We will have to wait and see – court tosses claim because plaintiff lacked standing.
Plaintiff Caldwell was “offended” and felt like an “outsider” when she viewed a website called “Understanding Evolution” which was published by the University of California. She filed a federal lawsuit, alleging that the site, funded in part by a grant from the National Science Foundation, violated the First Amendment Establishment Clause by endorsing certain views on religion. For example, Caldwell claimed the site put forth the notion that “the theory of evolution is not in conflict with properly understood Christian or Jewish religious beliefs.”
The defendants, which included the director of the University of California Museum of Paleontology and a UC Berkeley biology professor, moved to dismiss Caldwell’s suit. The U.S. District Court for the Northern District of California granted the motion to dismiss.
The court held that plaintiff Caldwell lacked standing to pursue the Establishment Clause action. Among other things, she had failed to allege that she suffered an “injury in fact,” which is required for a plaintiff to sustain a lawsuit.
In reaching the conclusion that the evolution website did not cause Caldwell to suffer an injury in fact, the court first looked to the holding of the U.S. Supreme Court’s decision in Valley Forge Christian College v. Am. United for Separation of Church & State, 454 U.S. 464 (1982). Being “offended” and feeling like an “outsider” were simply “psychological consequence[s]” produced “by observation of conduct with which [Caldwell] disagrees,” and were merely generalized grievances against the defendants, insufficient to confer injury in fact.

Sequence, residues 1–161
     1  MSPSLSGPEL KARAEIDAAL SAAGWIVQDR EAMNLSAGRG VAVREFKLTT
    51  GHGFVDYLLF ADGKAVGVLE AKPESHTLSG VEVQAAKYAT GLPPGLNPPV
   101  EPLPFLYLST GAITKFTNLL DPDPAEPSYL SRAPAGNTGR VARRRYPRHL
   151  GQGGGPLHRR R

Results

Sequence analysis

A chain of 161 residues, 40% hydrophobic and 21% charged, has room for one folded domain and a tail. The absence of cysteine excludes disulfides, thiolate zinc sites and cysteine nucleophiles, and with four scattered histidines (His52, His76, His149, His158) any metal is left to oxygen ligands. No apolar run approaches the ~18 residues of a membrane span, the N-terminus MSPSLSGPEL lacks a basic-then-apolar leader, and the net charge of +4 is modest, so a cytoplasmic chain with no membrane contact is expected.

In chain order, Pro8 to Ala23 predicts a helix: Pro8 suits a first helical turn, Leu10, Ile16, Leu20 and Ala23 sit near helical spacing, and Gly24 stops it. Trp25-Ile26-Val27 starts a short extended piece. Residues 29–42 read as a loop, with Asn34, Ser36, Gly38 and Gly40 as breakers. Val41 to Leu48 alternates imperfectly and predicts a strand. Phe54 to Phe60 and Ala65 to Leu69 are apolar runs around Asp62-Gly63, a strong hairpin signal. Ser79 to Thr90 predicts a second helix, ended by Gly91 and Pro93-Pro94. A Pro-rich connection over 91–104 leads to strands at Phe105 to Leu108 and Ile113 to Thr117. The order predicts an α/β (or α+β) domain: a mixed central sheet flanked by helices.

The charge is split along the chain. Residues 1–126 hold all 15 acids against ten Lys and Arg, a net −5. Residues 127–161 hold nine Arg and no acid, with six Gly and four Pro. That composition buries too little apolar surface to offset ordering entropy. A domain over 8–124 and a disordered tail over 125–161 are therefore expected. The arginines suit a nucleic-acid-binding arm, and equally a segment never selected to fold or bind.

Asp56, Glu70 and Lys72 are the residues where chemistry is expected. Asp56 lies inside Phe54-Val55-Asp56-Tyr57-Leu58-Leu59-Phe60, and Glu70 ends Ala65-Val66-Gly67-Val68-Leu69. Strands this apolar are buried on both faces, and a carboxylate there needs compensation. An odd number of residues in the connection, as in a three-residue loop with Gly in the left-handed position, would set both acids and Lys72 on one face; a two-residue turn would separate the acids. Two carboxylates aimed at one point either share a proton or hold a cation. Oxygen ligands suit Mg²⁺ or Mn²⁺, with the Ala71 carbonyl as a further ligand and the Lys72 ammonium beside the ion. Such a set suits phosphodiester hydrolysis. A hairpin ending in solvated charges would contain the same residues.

The court went on to reject Caldwell’s comparison of the evolution website to a public park containing religious symbols, finding the analogy “untenable”:
[A] citizen voluntarily choosing to access the internet who comes across an unwelcome message on a website page is not necessarily prevented from accessing the whole of the internet; the citizen may choose, with a simple click of the mouse, to access a different and unoffensive webpage or website.
Further, the court noted that allowing a plaintiff to claim injury from being “offended” by merely looking at a website would be the start down a slippery slope:
Given this massive appeal and impossibly broad spectrum [of the internet], it is simply inconceivable that the mere viewing of certain webpages . . . is sufficient to give rise to injury in fact standing. If this were so, then every webpage on the internet could give rise to a claim, simply based on an individual’s negative emotional response to that webpage.
Caldwell v. Caldwell, (Slip Op.) 2005 WL 618511 (N.D. Cal. March 13, 2006).